If you’re a fan of EDM (Electronic Dance Music) then you have probably come across the term slaphouse. Slap House is a sub-genre of EDM which was first categorised in 2018 with the release of Dynoro’s single ‘In My Mind’.
Since 2018, ‘In My Mind’ has amassed over a billion streams on Spotify alone. So Slap house is not so much a niche as it is a new wave of dance music. Bringing with it a fresh cohort of new artists and DJs all contributing to the rise of Slap House.
In this article, we’ll look at the key pillars of the slap house genre and offer 5 tips for creating your own Slap House track.
As we’ve already mentioned, Slap House is a sub-genre of EDM. Which is a style of dance music that takes a lot of cues from minimalism and repeated patterns (or ostinatos) that layer to build and release tension. This makes it the perfect style for clubbing.
If we’re looking to really understand the slaphouse meaning, it’s almost better to think of it as a sub-genre of a sub-genre.
Slap House evolved from Deep House; which in itself is a combination of Chicago House with 1980s Jazz-Funk and elements of Soul.
Slaphouse records tend to sit at around 120 BPM. The style combines the ‘four-to-the-floor’ pulsing and harmony associated house music. But with more energetic and often syncopated (on the off-beat) bass rhythm.
Aficionados of House Music might be thinking that what is described above is Brazilian Bass house music. To a degree that is a fair comparison –musically the genres are quite similar.
The difference is that Brazilian Bass tends to utilise deeper, punchier bass lines. It also often employs low-end filters for sound effects and Slap House is more commercial, favouring catchy vocal hooks above bass lines.
If you’re thinking you like the sound of this Slaphouse and want to give it a go yourself, here are 5 production tips for capturing that pivotal Slap House sound.
Vocals are a huge part of a Slap House track. Once you’ve got your killer line that will be your repeated refrain, Slap House producers often tend to incorporate some level of processing on the vocal to make it sound distinctive and unique.
You can do this by layering the vocals, using high- or low-pass filters, adding saturation and distortion. You can even stretch and re-pitch the vocal track.
One cool technique for doing this is to record the singer performing the vocals a tone or two above what will be the final pitch of the track. Then re-pitching the vocal down to the correct key.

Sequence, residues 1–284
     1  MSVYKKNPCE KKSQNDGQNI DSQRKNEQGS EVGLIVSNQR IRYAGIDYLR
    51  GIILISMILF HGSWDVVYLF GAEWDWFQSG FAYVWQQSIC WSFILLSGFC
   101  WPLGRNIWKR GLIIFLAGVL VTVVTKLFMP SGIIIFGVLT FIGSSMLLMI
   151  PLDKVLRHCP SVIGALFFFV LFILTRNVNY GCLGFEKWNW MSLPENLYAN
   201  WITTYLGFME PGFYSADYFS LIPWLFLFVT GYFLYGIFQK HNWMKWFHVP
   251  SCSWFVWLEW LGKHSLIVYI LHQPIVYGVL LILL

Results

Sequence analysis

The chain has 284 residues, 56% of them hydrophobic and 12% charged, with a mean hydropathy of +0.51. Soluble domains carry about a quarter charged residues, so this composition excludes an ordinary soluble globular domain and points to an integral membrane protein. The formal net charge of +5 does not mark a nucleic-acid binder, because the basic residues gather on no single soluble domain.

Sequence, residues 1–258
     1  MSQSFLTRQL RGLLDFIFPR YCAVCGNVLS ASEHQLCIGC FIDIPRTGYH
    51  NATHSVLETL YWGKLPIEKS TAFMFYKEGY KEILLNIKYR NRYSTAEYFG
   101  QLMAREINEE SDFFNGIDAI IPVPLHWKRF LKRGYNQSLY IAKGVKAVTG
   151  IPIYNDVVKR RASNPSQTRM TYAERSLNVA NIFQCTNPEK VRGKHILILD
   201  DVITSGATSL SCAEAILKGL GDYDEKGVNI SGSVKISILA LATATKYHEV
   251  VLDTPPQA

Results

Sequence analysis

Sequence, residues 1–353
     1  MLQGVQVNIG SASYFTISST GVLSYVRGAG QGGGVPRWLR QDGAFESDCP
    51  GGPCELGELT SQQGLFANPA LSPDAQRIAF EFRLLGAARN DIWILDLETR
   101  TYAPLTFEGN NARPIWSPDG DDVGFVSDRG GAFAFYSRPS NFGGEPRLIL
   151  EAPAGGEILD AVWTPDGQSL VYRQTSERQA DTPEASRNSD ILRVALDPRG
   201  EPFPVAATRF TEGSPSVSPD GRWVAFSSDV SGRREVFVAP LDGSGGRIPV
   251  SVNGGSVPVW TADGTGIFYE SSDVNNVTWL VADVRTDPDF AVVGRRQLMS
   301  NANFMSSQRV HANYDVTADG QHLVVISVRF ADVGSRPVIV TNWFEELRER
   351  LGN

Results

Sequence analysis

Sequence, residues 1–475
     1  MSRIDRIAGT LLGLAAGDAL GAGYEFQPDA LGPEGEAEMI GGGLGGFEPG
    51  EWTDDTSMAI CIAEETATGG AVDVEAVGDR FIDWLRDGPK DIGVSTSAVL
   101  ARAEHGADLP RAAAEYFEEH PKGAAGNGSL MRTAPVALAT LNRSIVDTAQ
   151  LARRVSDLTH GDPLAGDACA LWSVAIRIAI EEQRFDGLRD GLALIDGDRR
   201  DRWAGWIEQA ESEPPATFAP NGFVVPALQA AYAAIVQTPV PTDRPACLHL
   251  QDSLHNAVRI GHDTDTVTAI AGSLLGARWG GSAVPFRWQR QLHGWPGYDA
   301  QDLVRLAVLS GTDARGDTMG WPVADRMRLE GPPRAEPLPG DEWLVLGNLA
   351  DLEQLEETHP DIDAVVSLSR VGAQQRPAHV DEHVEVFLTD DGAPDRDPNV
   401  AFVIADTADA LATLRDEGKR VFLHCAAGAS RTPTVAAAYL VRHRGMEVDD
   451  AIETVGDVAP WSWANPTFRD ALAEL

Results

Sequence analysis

In dance music, this is known as dropping the beat but it’s basically the same trick as used by minimalist composers such as Steve Reich. Take a repeated pattern and layer it, use different ends of the frequency spectrum and keep adding parts to the song to add flavour.
You can use tricks like snare rolls and awkward harmonies (like a dominant 7th) to build the tension. So when that beat drops and the song really kicks in, it feels euphoric to the listener.
The key thing to remember when it comes to Slaphouse is that you can take your time as the genre allows for a longer build up than you might experience in Brazilian Bass or other Deep House sub-genres.
A way to marry the two elements is to use a high pass filter on the kick drum. This allows you to give a sense of the rhythm without unleashing the full bassy power of the kick until you’re ready.
One element in Slaphouse is what’s known as a Reese Bass Line.
A Reese Bassline is a very low (often ‘Sub Bass’ register) bass synth sound that is quite warm. It first appeared in the late ‘80s and since then has been prevalent in Drum and Bass and the branch genres coming out of that.
There are a few ways to make Reeses Bass lines. You can either use a multi-oscillator synth and combine square and sawtooth waves with a low-pass filter.
Additionally, the other way is to use a Reese synth plugin and add sub-bass on that to give you a really warm low end.
It’s good fun to learn a few different methods so you can experiment and find what works best for you.
Arguably the most distinctive characteristic of Slap House is the short percussive kick used during the drops.
This can be created with a classic TR-808 or modern-day emulator (Logic Pro X has a pretty good built in 808 patch).
You want your bass to have a quick attack and a short decay. It’s a good idea to add some sub-bass to your main kick sound to add some low-end punch.
You may want your bass sound to be a little punchier to emulate some of the successful Slaphouse records that have been released over the past few years. You can layer a percussive hit to follow your main bass line notes.
Again, YouTube is your friend here and there are tons of guides on how to get a perfect low-end 808 sound.
EDM is an ever-evolving genre with new branches splitting out all of the time. Some of these branches grow strong and become genres in their own right (such as Deep House).
Whilst others capture a moment in time before culture moves on and another style comes to the fore.
It’s perhaps a little early to say whether Slapouse will be an enduring sub-genre of EDM.
However, it is clear that right now, Slap House has an incredible commercial appeal and has allowed a number of artists to cross over from niche markets into the mainstream and see significant commercial success.
The great thing about music is the avenues it leads you down so fire up that Moog, Flick on the 808 and run tape – the next banger could be just around the corner!
What do you think of Slap House? We’d love to hear all about it in the comment section below! If you enjoyed this article, why not share it with your friends on your socials? Be sure to tag us in your post @musicgateway!